Pregnant women in the U.S. have a greater risk of dying from pregnancy or childbirth related complications than women in 40 other countries around the world. It’s past time to fix this.
This post is part of our online salon: A New Agenda For Girls' and Women's Health and Rights, co-hosted with UN Dispatch.
I don't work on reproductive health and rights on the international level, but I have worked on the national level and think that there's obviously much work to do that could definitely make us "a better defender" for women's rights internationally. Just last week a UN committee called the U.S. out for failing to address severe racial disparities that exist in reproductive health care.
So yes, we need to improve our conditions at home, but first there needs to be just a general recognition that these real problems exist rather than continuing to hold ourselves up on a pedestal as this champion of women's rights, coming to save "the oppressed women" from "uncivilized" countries, and as Kavita said, which has been happening in the midst of this guise of fighting terror.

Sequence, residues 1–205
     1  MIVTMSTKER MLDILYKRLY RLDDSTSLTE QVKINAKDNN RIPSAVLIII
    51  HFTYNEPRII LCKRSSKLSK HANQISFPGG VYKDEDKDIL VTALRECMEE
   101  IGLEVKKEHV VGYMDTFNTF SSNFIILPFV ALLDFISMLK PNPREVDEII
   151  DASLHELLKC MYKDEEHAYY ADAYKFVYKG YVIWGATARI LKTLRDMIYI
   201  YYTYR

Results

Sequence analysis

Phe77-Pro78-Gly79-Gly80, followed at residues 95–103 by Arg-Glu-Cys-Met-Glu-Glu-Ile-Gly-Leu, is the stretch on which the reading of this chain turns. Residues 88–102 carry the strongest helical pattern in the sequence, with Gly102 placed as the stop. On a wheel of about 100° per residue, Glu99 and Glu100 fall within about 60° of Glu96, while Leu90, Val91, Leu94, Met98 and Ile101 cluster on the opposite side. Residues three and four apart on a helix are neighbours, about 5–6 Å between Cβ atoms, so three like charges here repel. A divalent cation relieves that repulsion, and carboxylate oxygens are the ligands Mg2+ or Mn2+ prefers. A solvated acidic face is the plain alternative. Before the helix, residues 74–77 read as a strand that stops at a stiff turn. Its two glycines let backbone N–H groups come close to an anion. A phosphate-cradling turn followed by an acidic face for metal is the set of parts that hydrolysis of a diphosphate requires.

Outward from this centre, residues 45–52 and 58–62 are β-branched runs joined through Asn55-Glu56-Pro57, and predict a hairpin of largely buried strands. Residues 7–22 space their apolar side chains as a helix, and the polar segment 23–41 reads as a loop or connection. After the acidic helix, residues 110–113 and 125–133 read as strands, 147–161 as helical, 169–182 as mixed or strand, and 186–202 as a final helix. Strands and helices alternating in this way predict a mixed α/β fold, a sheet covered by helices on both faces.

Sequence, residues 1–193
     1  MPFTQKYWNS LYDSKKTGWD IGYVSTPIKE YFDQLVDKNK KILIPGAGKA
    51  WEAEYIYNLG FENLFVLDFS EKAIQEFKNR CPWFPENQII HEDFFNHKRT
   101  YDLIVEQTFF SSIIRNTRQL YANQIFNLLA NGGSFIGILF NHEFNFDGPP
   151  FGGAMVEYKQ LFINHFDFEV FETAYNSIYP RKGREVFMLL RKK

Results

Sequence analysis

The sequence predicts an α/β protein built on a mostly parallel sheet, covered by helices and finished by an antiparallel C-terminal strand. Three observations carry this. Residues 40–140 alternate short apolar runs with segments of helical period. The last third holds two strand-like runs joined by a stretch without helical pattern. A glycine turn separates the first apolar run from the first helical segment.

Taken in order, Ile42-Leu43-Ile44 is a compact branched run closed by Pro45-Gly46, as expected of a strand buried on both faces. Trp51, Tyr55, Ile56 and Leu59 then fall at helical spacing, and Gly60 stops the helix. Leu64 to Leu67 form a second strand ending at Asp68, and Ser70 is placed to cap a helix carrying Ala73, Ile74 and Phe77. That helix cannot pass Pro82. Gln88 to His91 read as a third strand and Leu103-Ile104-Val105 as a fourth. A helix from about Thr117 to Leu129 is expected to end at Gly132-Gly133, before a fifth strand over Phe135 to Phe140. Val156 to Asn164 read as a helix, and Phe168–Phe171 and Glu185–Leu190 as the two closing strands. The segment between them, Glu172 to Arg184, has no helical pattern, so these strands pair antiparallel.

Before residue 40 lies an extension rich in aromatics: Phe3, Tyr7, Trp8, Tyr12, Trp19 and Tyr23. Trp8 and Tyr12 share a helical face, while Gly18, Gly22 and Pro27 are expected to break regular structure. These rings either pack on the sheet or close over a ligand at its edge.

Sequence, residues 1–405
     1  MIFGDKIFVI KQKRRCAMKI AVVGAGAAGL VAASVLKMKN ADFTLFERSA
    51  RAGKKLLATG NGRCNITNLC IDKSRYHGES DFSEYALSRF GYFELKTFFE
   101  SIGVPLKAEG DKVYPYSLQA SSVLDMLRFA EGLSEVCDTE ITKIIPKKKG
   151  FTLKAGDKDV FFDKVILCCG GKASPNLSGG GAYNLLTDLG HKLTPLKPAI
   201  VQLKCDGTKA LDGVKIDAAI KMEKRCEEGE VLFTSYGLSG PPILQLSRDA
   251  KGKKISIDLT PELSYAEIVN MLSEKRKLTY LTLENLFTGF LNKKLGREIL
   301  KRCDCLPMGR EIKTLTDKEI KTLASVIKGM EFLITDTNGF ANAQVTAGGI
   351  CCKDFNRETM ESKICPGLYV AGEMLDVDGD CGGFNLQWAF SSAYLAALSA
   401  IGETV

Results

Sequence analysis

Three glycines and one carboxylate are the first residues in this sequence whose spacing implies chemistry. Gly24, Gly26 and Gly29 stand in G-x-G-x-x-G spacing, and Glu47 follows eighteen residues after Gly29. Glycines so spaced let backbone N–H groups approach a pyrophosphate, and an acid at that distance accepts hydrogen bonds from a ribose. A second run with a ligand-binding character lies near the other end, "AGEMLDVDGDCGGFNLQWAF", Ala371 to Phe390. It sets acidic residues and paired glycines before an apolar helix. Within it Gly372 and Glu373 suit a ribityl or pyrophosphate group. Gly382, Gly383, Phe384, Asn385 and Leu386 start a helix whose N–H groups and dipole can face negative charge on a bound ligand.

One example is female genital cutting. While, as Michelle mentioned, the U.S.'s efforts to assist countries in getting the practice banned definitely isn't a bad thing, what about recognizing that our own practices of "vaginal rejuvenation" or "labiaplasty" isn't that far off? Yes, the two are still very different and I certainly wouldn't say labiaplasty would be on the president's top list of issues to address. I'm just saying is just the identification of certain problems that may be just as immediate here (such as the UN's recent findings) as other countries and not placing ourselves in the superiority seat is a first step. And putting ourselves to a higher standard from that perspective will allow us to avoid the moral high ground and come from a less condescending and invasive place.